U.S. Army combat veteran and leadership executive who went to West Point now making his fifth trip to Ukraine are finding that Russia’s military shortcomings could negatively impact the country for decades to come.
Dan Rice, president of Thayer Leadership and a former infantryman who fought in Iraq and was wounded in Samarra, currently serves as special adviser to General Valerii Zaluzhnyi, commander in chief of the Ukrainian armed forces.
Throughout his travels in Ukraine, he has watched T-72 tanks destroy Russian targets in the Donbas region and stood on the outskirts of Kyiv as the Russian military made close gains in May 2022.
As he embarks on a new mission, Rice told Newsweek the Russian military “is poorly led at the strategic, operational and tactical levels.”
“At least 300,000 military-age men left Russia, and Russia claimed to draft 300,000,” Rice said. “They have taken 110,000 killed in action and another 300,000 wounded. They have lost most of their best army units and best tanks and armor.
“The entire Russian military is being degraded in less than a year and will not recover in my lifetime. Russia, and China, was considered a ‘peer competitor,’ but after this war, is no longer. The U.S. only has China to consider a ‘peer competitor’ and after the destruction of the Russian army, China will think twice about trying to take Taiwan.”
He blamed the ineptitude on Russian forces only following two of the nine principles of war, those being “mass” and “offensive.”
“They throw more and more bodies at the same objectives with no significant changes each attack. They are not a learning organization,” Rice said. “They are an enormous country with a lot of resources, but they aren’t unlimited. They are running low on many of their weapons and ammo.”
“They are being forced to go to the ‘axis of evil,’ Iran and North Korea, to get additional artillery shells,” he added. “They are taking enormous casualties and are running out of troops and having to go to mobilization/draft. The draft caused both a brain drain and a brawn drain.”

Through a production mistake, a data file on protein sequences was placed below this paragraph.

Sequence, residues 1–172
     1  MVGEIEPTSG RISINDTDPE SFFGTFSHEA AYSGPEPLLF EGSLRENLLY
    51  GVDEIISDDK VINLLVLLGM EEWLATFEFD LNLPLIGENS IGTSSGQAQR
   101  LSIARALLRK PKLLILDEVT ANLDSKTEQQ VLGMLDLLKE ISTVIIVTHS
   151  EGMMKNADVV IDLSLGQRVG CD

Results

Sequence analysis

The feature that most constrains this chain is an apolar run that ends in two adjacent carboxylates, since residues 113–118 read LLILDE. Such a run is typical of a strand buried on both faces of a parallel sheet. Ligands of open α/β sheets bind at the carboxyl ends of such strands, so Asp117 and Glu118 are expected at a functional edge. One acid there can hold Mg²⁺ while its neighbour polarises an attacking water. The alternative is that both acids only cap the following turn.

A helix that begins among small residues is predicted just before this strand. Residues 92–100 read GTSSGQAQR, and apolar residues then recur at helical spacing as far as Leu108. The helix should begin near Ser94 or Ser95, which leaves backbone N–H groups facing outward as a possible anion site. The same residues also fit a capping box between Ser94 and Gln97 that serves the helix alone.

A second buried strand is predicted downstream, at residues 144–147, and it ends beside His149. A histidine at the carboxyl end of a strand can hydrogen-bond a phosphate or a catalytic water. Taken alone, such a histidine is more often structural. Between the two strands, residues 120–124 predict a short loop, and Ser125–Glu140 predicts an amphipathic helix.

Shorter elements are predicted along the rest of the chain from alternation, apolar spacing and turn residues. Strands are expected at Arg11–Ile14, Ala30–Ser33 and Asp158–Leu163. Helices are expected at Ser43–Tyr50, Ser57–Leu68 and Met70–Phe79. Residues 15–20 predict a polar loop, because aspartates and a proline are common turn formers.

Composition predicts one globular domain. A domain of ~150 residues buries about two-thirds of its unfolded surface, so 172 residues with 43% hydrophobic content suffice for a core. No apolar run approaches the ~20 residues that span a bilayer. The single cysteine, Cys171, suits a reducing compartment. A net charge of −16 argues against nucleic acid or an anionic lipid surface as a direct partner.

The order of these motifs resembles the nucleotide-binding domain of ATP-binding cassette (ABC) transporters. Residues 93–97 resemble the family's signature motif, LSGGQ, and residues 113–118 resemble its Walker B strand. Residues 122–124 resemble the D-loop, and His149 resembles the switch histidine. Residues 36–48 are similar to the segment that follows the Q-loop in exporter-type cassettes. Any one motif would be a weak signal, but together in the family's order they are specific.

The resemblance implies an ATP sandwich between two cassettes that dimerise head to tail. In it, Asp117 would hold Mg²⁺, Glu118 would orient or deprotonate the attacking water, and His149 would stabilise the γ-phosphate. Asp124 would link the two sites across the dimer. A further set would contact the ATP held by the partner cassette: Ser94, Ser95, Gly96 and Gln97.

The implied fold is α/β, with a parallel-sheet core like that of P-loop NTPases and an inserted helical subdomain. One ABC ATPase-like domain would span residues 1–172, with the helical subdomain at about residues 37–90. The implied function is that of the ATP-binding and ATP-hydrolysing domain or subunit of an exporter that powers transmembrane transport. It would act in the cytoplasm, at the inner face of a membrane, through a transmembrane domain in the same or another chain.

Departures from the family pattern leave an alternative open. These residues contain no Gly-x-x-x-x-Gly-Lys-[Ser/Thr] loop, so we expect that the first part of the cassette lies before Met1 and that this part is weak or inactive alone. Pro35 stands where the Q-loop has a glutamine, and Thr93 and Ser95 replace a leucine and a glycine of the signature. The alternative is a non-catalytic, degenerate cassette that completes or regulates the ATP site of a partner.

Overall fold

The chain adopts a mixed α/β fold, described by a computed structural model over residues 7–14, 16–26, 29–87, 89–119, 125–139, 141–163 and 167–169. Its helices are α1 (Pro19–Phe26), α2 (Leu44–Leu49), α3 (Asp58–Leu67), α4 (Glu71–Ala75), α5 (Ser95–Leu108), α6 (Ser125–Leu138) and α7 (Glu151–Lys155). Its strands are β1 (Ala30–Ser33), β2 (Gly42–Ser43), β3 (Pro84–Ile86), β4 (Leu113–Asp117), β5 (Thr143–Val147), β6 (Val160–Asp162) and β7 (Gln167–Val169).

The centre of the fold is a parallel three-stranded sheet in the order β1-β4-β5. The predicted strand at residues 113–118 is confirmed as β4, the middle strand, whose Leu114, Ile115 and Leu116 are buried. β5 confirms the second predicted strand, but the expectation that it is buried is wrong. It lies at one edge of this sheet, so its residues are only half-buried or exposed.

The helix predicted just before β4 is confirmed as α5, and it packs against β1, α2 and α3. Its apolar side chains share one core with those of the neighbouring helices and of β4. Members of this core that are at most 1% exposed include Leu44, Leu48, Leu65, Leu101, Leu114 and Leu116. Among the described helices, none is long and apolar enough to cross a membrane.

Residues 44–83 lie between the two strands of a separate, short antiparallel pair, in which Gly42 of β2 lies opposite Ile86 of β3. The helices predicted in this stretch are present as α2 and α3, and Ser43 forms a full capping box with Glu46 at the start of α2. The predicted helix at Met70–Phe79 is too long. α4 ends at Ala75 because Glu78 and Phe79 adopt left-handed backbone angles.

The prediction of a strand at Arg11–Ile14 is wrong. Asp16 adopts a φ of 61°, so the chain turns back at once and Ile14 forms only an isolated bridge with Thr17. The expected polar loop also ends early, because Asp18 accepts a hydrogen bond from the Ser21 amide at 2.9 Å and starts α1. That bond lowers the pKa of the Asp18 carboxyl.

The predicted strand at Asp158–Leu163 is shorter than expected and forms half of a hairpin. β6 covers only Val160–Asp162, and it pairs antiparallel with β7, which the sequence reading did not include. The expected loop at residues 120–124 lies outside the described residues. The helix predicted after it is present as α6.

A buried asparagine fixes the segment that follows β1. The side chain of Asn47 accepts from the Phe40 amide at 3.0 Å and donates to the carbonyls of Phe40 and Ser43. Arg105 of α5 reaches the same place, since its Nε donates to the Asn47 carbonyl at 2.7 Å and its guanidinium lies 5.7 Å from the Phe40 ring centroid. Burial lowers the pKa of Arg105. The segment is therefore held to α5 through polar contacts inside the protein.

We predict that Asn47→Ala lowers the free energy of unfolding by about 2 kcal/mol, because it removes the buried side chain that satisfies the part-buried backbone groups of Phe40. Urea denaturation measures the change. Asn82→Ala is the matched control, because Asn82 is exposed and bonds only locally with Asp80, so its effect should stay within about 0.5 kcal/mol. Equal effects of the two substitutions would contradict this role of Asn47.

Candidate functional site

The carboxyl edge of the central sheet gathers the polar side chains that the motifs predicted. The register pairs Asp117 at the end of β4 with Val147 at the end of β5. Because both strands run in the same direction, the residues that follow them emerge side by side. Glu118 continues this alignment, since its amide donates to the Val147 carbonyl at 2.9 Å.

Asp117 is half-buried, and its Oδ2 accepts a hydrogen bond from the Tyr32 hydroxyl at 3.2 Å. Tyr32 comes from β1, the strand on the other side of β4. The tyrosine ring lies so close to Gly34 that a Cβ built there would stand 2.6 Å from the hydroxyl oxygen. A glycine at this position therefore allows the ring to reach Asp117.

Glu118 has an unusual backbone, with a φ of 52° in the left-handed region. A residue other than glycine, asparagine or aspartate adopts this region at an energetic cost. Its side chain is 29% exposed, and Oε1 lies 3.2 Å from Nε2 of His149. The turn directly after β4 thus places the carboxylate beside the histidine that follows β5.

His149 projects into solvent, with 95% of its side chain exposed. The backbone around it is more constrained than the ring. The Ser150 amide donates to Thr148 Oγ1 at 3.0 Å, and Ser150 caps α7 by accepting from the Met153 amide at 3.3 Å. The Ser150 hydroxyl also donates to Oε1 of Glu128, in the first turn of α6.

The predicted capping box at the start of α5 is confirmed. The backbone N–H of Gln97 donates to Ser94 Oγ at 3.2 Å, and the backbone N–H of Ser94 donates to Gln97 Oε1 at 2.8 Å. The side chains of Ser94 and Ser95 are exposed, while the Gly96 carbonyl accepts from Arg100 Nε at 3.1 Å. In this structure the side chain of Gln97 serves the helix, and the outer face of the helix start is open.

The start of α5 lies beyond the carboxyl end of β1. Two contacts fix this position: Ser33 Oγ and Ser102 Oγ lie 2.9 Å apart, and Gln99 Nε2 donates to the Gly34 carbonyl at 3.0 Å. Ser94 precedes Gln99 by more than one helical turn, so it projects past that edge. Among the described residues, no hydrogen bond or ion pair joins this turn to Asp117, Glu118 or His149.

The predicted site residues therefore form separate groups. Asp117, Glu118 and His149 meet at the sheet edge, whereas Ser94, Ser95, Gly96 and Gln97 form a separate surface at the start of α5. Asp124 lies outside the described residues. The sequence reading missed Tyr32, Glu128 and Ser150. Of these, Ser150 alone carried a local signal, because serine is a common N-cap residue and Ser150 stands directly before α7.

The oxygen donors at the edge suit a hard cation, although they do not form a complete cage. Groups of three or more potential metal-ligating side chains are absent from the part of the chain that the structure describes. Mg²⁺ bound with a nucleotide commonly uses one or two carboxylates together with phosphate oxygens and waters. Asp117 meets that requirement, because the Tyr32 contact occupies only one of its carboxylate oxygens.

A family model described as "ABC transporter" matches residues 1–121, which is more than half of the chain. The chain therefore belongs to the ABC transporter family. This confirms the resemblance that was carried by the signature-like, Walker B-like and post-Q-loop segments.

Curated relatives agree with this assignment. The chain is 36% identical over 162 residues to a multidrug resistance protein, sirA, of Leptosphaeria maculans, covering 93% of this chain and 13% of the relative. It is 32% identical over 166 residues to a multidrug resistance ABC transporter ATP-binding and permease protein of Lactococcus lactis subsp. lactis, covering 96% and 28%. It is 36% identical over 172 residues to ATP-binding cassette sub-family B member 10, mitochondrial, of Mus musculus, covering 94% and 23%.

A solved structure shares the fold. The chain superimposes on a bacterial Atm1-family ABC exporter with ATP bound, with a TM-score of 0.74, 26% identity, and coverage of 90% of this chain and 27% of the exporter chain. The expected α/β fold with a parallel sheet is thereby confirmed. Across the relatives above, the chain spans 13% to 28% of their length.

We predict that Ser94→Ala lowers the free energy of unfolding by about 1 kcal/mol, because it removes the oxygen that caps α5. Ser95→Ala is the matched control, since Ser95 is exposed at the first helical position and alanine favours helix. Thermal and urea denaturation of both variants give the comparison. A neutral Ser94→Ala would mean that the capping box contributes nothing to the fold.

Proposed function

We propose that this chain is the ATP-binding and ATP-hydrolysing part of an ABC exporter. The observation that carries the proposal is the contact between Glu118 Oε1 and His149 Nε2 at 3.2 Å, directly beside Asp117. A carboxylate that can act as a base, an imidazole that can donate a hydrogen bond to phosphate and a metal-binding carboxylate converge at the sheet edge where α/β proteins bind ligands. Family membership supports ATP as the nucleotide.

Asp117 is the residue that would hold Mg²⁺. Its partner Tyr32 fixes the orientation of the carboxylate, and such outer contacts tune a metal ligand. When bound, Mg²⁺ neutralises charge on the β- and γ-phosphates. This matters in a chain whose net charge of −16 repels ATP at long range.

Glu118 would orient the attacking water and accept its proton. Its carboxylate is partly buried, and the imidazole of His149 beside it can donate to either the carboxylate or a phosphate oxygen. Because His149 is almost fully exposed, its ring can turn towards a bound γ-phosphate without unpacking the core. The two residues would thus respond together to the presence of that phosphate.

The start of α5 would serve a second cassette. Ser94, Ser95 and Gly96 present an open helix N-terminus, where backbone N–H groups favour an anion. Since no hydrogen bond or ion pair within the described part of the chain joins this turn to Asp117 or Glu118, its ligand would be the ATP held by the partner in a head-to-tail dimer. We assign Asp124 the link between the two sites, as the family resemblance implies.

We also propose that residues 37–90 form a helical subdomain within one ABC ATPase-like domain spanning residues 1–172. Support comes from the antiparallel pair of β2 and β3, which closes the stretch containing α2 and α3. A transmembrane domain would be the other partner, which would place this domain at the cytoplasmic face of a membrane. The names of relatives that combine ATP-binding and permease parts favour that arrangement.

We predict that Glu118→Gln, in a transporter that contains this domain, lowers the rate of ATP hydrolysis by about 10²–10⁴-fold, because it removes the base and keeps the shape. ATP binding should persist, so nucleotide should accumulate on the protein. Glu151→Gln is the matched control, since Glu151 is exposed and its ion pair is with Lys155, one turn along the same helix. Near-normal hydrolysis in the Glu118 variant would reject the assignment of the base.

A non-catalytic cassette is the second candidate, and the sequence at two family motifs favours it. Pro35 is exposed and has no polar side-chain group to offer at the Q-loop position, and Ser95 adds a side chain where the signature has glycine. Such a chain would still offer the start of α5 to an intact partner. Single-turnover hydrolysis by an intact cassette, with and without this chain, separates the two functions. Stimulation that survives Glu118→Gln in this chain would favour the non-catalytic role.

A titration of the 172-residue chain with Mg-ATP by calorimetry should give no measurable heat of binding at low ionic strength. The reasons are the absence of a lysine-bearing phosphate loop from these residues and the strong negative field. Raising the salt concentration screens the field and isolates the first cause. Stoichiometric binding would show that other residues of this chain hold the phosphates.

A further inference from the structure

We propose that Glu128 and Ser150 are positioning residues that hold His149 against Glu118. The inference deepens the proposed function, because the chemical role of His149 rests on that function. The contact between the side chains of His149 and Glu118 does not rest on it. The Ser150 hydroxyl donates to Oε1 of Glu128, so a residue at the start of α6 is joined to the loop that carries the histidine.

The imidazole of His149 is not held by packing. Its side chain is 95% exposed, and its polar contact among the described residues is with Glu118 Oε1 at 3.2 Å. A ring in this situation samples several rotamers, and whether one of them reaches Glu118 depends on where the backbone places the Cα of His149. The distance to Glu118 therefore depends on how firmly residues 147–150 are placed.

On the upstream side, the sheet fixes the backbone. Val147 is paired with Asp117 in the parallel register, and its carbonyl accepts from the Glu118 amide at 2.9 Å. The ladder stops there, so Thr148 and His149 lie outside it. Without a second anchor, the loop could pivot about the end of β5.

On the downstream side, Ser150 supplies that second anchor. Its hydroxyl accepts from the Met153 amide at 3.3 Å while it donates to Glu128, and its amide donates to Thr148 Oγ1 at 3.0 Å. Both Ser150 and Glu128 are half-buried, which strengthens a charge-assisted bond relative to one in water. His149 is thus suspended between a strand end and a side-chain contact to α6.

Ukrainian soldiers of the Territorial Defense of Kherson reinforce their positions on January 7 in Kherson, Ukraine. Dan Rice, president of Thayer Leadership and a U.S. Army combat veteran, is pictured in the inset near a destroyed bridge on the outskirts of Kyiv in May 2022. Rice is making his fifth trip to Ukraine to advise General Valerii Zaluzhnyi, commander in chief of the Ukrainian armed forces.
Rice said he has worked alongside Zaluzhnyi to help educate the American public on what is taking place in Ukraine, as well as to relay to the invaded nation what capabilities could potentially be provided by the U.S.
Between 2005 and 2013, he traveled without security dozens of times to Iraq and Afghanistan as an investor with the Marshall Fund and later a contractor with SunDial.
“Getting involved in the largest war in Europe in 70 years, to understand the issues and help contribute, is in my mission,” said Rice, who as president of Thayer leads roughly 100 staffers and faculty members who teach the principles of military leadership to corporations.
He personally got involved in the war effort through a chance encounter with a woman at a restaurant in Miami during the initial days of the Russian invasion. The woman showed him films of her family under fire in Kyiv, leading to Rice encouraging them to immediately head west and exit the country.
Rice later welcomed the family of refugees into his home once they reached the U.S. The non-English-speaking mother of the woman saw West Point materials throughout the home and inquired whether he attended, leading her to ask if he wanted to meet General Zaluzhnyi.
That led to a Zoom meeting with the general, in which the pair discussed leadership, leader development and strategy. Rice, who possesses four degrees in the fields of military, business, leadership and learning, asked if he could be of service.
Zaluzhnyi took him up on his offer. Two days later, Rice was on a flight to Krakow, Poland, and upon arrival boarded a civilian bus traveling to Lviv, Ukraine. Once there, he was transported to Kyiv to interview the general for two hours.
Rice was sent to interview commanders on the battlefield who had helped Ukraine become victorious in the battle of Kyiv.
“I realized very quickly that they had just left the bunker, they were desperate for Western support, and that my role would be to advocate for additional weapons and ammo, starting with Howitzers, and then HIMARS, then F-15/F-16s, cluster artillery rounds, etc.,” Rice said.
With the weapons provided by the U.S. as part of tens of billions of dollars of assistance, Rice said Ukraine has the “fire” aspect of effective combat operations down pat—aided by weapons systems, Javelins, Stingers, NASAMS, Howitzers and Patriots—but it needs the “maneuver” aspect as well.
That includes an additional armored combat force of tanks and infantry fighting vehicles, he said. He touted the U.S. for finally providing M2A2 Bradley fighting vehicles—the U.S. is starting with 50 vehicles, but he believes that number “will increase dramatically” to around 500. Several donor nations have also provided T-72 tanks.
“Ukraine needs far more tanks to take the offensive and we should be providing M1A2 Abrams tanks,” he said. “If we provide Ukraine with enough tanks, fighting vehicles and the correct artillery ammunition for both the Howitzers and HIMARS rocket launchers—specifically Dual-Purpose Improved Conventional Munitions—I believe Ukraine will win.”
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